September was at once the best and worst month of the year for local drugmakers, according to analysts. While sales in the local market were weak, the players were able to increase market share in the US, riding on patent expiries.
Indeed, Indian companies logged chart-topping sales in various post-patent product categories in the US during September, Morgan Stanley noted on Tuesday.
US sales for Glenmark, Aurobindo, Sun Pharma and Dr Reddys appear to be up by 42%, 31%, and 10% respectively, Morgan Stanley analysts Sameer Baisiwala and Saniel Chandrawat said in a note.
The $350 billion generic market in the US remains key for Indian firms, with over a third of the 431 abbreviated new drug applications or ANDAs (needed for bringing generics into the US market) approved by the USFDA last year belonging to Indian firms.
The performance in the US market came even as the Rs58,300 crore domestic market logged its lowest growth for this year during the month.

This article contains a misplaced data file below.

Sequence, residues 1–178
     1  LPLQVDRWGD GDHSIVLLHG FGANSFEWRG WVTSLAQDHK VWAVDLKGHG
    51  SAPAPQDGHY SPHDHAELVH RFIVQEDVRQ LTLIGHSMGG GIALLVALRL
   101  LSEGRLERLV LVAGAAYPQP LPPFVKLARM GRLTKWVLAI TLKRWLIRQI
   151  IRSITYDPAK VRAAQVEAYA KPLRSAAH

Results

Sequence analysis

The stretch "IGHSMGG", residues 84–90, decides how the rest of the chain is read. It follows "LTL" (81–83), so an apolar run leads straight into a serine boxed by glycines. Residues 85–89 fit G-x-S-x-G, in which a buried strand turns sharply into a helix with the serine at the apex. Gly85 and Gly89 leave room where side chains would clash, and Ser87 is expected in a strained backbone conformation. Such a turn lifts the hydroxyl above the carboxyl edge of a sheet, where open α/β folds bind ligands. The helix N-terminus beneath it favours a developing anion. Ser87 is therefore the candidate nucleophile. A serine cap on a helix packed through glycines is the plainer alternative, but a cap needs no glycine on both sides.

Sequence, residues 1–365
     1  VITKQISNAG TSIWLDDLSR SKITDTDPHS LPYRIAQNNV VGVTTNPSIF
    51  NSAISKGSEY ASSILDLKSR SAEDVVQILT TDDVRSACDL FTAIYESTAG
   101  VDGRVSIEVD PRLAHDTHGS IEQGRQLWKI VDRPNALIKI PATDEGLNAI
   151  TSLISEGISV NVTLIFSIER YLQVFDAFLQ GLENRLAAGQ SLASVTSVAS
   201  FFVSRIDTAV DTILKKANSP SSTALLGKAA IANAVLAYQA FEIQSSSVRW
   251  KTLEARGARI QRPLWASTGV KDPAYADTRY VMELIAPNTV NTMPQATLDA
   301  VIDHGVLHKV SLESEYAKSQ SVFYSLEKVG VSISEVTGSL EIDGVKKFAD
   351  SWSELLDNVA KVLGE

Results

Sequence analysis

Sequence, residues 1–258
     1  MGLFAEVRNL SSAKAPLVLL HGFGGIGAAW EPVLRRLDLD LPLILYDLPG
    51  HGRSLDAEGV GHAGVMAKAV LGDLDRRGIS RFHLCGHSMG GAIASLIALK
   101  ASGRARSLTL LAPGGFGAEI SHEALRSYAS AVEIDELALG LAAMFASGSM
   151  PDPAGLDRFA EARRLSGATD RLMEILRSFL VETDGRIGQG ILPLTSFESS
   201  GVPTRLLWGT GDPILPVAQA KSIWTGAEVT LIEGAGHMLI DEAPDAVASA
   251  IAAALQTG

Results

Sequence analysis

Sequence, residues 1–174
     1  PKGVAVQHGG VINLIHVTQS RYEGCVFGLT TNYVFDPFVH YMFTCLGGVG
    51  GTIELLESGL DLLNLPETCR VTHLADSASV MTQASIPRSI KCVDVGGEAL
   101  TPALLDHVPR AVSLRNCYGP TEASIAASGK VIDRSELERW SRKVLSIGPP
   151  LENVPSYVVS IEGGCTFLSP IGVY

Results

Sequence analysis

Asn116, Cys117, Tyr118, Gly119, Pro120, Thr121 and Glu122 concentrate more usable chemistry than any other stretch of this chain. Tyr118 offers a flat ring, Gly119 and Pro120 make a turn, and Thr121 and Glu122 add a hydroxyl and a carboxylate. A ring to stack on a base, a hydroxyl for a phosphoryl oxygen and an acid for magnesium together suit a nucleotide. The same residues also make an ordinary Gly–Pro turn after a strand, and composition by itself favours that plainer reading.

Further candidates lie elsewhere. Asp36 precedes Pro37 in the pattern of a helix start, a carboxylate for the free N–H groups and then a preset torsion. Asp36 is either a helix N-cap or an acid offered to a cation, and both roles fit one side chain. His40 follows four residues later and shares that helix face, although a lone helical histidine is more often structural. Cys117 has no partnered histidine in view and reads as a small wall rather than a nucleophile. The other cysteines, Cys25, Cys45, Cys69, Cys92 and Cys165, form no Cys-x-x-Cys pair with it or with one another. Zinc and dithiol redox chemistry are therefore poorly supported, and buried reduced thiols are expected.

At 13%, domestic sales growth weighed in weak compared with 15-16% in the previous months, Balaji Prasad and Rohit Goel of Barclays Research said in a note dated October 17.
Anti-infectives, respiratory, dermatology and cardiovascular were the leading segments during the month, clocking growth rates of 15%, 12%, 12% and 11%, respectively, said Balaji and Goel.
“A particular month might see more growth for a particular segment in India, depending on the climatic conditions (read seasonal conditions like flu, respiratory problems, skin infections, so on) and to a certain extent the ability to spend amongst people,” reasoned Sujay Shetty, partner, PricewaterhouseCoopers.
Amit Bangia, dermatologist at the Asian Institute of Medical Sciences in Faridabad, pointed out that derma problems are on the rise due to rising stress, pollution and change in lifestyle. “Growing awareness means willingness to recognise and rectify problems on the part of people.”
Such awareness also works for the pharma sector.
“We remain optimistic about our medium- and long-term views regarding Indian pharma. However, policy changes on the domestic drug pricing could pose some near-term challenges to the sector,” wrote the Barclays duo.
Analysts had a word of caution on the US front, too.
“Firms like Teva and Mylan are too strong in the US, so challenges remain for Indian pharma,” said Ranjit Kapadia, senior vice-president, Centrum Broking.